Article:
Global mean sea level rise
This global map of the trend of sea surface height (SSH) is estimated from the combined data from TOPEX/Poseidon and Jason-1 from 1993 through 2004. Complex patterns of spatial variability are clearly shown. In the North Pacific the pattern of variability is similar to that of the Pacific Decadal Oscillation, in part caused by wind-driven long-period Rossby waves. The SSH trends in the North Atlantic are caused by a slowdown of the circulation of the subpolar gyre of the North Atlantic Ocean, leading to a decrease of the northward heat transport of the ocean.
In the South Atlantic and South Pacific, the marked striations are roughly consistent with the characteristics of Rossby wave fronts, reflecting a possible role of Rossby waves in the decadal change of ocean circulation. In the Southern Ocean the spatial pattern shows the characteristics of a wavenumber-2 Antarctic Circumpolar Wave, with two minima centered at longitudes of 30°-60° and 210°-240°. These waves travel eastward around Antarctica in 8 to 9 years.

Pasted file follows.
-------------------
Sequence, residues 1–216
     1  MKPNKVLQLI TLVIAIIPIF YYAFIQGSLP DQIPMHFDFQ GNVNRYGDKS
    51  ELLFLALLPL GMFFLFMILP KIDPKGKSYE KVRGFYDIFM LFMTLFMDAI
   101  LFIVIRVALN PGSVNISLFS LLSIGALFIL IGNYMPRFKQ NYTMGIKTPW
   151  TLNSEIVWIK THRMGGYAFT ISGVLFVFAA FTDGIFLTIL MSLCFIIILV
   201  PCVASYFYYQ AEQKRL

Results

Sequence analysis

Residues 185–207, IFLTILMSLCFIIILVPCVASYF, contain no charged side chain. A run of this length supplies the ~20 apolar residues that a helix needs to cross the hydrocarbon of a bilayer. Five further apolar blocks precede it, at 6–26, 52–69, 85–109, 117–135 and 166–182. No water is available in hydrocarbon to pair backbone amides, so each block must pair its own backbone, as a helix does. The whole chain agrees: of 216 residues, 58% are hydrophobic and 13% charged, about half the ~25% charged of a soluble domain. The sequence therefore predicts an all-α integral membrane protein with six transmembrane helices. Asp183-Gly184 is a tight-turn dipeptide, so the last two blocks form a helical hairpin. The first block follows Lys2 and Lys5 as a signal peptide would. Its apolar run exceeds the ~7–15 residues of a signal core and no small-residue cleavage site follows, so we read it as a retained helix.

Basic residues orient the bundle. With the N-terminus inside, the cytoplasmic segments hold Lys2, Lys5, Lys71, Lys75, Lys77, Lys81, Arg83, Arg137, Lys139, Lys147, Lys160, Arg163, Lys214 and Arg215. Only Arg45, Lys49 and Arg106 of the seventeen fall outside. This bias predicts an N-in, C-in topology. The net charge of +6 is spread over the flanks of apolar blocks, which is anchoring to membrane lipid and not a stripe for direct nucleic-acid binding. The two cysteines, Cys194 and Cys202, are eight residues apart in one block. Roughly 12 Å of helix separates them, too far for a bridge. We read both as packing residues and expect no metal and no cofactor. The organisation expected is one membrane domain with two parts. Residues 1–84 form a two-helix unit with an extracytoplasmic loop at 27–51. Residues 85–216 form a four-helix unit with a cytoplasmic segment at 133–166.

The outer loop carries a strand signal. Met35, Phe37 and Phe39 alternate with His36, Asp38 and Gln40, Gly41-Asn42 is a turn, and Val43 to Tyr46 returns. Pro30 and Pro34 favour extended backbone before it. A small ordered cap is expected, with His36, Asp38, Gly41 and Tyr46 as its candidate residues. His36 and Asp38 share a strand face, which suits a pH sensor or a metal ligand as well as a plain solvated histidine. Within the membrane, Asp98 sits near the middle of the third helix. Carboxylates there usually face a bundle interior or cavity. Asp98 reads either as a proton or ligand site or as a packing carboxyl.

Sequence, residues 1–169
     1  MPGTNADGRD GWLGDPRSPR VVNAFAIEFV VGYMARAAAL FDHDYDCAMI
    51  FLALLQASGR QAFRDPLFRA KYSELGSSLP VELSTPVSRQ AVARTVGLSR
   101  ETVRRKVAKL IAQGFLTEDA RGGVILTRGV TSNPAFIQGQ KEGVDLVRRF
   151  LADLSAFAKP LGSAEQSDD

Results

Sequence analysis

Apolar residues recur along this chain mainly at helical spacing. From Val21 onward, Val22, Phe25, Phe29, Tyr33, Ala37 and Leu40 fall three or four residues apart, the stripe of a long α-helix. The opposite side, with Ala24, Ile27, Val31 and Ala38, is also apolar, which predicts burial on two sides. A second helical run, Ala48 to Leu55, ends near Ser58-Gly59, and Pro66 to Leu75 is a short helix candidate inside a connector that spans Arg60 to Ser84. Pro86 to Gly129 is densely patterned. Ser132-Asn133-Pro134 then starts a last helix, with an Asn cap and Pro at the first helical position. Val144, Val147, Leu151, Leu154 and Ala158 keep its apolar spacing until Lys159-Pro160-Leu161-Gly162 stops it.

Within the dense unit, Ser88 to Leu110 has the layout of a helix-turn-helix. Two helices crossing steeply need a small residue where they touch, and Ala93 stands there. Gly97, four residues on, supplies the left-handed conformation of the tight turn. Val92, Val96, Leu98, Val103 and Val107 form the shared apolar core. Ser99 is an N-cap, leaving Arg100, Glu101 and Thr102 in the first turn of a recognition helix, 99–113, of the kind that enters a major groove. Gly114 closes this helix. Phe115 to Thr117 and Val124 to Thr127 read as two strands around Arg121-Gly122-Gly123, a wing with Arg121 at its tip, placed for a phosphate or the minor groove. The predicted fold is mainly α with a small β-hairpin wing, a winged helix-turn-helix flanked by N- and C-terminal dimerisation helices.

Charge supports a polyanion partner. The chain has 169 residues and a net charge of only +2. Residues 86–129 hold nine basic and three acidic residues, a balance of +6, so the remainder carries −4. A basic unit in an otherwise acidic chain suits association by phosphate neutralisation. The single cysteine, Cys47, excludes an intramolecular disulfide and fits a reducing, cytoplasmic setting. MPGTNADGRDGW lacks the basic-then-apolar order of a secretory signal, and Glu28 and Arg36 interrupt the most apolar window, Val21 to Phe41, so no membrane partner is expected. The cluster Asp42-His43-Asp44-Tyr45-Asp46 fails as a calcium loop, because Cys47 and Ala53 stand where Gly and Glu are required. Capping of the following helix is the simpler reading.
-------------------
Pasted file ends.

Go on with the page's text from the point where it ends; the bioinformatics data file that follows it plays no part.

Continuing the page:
The decadal trend of SSH in the Indian Ocean suggests that there is a decrease in the northward geostrophic flow of the upper ocean and hence a reduction of the ventilation of the tropical Indian Ocean by the cold water from the South Indian Ocean, responsible for a long-term warming of the upper Indian Ocean.